Kabul, Oct 5 (EFE).- The Taliban are planning to establish a camp for Afghan refugees who may return from Pakistan after Islamabad ordered all undocumented immigrants and refugees in its territory to go back to their countries by the end of this month or face forcible deportation.
“Those families which are headed by women or are homeless, or do not have anyone to take care of them, the Islamic Emirate will provide them short-term shelter,” the spokesperson for the Afghan ministry of refugees and repatriation, Abdul Mutalib Haqqani, told EFE
The camp will be established in the Lalpor desert in the Nangarhar province – which borders Pakistan – and aims to provide temporary shelter and basic necessities including food to thousands of families who could return from Pakistan in the coming weeks.
The initiative comes after Pakistani authorities announced on Tuesday that the undocumented immigrants and refugees in the country – mainly Afghans – should leave the country before Nov. 1 or face deportation.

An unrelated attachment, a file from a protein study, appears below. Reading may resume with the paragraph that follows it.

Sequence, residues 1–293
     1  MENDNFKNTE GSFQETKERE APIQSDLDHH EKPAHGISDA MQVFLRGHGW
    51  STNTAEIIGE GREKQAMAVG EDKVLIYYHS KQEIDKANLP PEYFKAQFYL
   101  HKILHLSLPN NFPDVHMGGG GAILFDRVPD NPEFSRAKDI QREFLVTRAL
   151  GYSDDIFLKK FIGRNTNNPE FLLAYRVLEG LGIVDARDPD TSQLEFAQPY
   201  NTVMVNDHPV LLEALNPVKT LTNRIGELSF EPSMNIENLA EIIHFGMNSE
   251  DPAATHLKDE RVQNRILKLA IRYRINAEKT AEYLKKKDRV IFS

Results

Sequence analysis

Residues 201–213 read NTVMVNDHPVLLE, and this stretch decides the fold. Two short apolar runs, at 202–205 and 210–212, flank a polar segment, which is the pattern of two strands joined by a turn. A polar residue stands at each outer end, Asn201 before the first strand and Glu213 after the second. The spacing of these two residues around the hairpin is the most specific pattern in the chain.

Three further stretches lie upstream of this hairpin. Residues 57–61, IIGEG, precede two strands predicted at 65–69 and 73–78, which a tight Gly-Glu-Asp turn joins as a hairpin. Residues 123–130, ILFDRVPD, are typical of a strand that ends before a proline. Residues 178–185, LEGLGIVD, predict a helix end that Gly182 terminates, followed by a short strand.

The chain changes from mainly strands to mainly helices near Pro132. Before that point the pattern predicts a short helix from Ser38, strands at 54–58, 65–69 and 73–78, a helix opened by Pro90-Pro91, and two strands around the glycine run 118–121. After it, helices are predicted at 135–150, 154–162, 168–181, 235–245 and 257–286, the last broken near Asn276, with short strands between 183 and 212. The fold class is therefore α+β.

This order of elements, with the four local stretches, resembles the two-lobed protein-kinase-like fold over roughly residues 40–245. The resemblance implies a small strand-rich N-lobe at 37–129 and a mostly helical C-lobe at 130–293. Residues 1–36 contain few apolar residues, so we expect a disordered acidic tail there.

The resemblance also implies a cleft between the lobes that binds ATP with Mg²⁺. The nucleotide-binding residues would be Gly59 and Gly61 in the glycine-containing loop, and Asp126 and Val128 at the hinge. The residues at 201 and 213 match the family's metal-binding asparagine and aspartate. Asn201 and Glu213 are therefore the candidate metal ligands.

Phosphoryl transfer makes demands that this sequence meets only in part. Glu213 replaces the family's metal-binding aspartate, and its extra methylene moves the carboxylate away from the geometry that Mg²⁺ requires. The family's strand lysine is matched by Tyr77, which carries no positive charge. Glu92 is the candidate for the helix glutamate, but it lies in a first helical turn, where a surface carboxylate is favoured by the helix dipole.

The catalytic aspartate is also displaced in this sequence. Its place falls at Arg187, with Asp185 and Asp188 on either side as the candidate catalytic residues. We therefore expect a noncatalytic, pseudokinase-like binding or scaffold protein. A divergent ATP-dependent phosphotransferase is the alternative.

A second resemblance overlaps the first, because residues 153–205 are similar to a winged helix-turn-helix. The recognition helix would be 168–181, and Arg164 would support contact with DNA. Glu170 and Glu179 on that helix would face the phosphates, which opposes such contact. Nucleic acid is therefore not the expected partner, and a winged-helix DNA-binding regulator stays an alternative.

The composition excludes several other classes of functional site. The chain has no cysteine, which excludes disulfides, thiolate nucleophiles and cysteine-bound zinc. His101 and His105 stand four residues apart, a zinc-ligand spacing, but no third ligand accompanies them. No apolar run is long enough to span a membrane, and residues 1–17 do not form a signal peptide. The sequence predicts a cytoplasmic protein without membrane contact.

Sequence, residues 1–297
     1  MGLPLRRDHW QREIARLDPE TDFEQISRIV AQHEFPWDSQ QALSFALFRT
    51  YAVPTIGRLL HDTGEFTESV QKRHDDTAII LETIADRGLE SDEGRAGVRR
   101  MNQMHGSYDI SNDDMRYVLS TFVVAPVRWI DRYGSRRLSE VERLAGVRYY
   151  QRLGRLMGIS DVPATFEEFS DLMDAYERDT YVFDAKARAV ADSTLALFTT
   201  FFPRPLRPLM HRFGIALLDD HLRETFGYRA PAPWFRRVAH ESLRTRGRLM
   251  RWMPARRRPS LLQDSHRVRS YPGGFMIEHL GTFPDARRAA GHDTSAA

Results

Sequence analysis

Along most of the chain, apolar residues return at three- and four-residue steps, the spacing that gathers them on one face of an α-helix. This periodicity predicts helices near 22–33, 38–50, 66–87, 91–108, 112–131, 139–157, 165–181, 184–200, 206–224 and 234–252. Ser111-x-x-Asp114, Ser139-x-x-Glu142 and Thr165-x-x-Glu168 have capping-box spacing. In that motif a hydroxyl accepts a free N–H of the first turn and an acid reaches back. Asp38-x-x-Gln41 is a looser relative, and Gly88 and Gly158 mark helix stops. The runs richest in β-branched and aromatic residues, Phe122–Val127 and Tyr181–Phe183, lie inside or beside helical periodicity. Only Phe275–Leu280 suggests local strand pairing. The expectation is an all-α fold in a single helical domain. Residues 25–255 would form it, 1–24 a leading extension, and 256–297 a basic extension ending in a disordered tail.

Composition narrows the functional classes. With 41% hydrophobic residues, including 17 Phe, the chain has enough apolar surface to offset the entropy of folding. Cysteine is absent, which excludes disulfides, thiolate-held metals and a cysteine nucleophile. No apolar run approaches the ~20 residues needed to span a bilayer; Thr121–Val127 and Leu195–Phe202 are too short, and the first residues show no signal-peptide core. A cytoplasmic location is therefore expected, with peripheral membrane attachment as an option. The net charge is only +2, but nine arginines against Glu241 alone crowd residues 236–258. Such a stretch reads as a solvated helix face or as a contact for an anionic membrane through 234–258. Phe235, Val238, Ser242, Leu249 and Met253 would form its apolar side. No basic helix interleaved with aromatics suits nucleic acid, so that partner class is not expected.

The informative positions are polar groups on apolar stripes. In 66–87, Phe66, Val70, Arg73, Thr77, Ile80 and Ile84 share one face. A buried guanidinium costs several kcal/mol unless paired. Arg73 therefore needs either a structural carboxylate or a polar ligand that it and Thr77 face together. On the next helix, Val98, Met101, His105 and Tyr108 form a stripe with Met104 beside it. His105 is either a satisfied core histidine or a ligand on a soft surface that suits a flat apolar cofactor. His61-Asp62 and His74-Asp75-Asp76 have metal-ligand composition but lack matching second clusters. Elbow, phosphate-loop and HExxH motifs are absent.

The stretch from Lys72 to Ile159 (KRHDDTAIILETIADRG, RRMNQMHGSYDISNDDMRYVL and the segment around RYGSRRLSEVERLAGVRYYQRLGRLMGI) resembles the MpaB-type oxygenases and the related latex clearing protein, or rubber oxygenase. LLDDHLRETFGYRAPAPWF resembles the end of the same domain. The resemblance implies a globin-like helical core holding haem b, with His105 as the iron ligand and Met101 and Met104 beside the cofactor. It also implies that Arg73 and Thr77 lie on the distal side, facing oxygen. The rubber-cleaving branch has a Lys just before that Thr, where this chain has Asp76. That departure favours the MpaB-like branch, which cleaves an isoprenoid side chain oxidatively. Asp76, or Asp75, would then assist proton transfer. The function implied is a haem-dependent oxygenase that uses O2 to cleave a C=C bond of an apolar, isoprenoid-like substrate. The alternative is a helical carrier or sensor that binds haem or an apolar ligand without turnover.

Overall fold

The Taliban had called the decision “unacceptable” and insisted that Afghan refugees are “not involved in Pakistan’s security problems,”.
According to Pakistani authorities, an estimated 4.4 million Afghans are currently living in the Pakistan, out of which 1.42 million possess proof of registration and 850,000 hold Afghan citizen cards.
The remaining 1.73 million have been dubbed “illegal” unregistered immigrants by Islamabad.
An Estimated 150,000 Afghan refugees have returned to their native country from Pakistan through the main border crossing of Torkham over the past two years, according to official data.
The process has sped up in recent days, with over 23,000 families returning within the past 10-20 days following a crackdown against refugees by Pakistani authorities, according to Afghan officials.
Afghan refugees are one of the world’s largest and oldest displaced population, which began to trickle into Pakistani territory during the Soviet invasion of 1979, while subsequent wars and conflicts accelerated the exodus.
The Taliban’s ascent to power in Afghanistan has coincided with a fresh surge in violence and terrorist attacks in Pakistan linked with various armed groups, including the TTP and the Islamic State.
Pakistan had witnessed a drop in attacks and violence during the previous regime in Kabul, which was backed by the presence of foreign troops in Afghanistan. EFE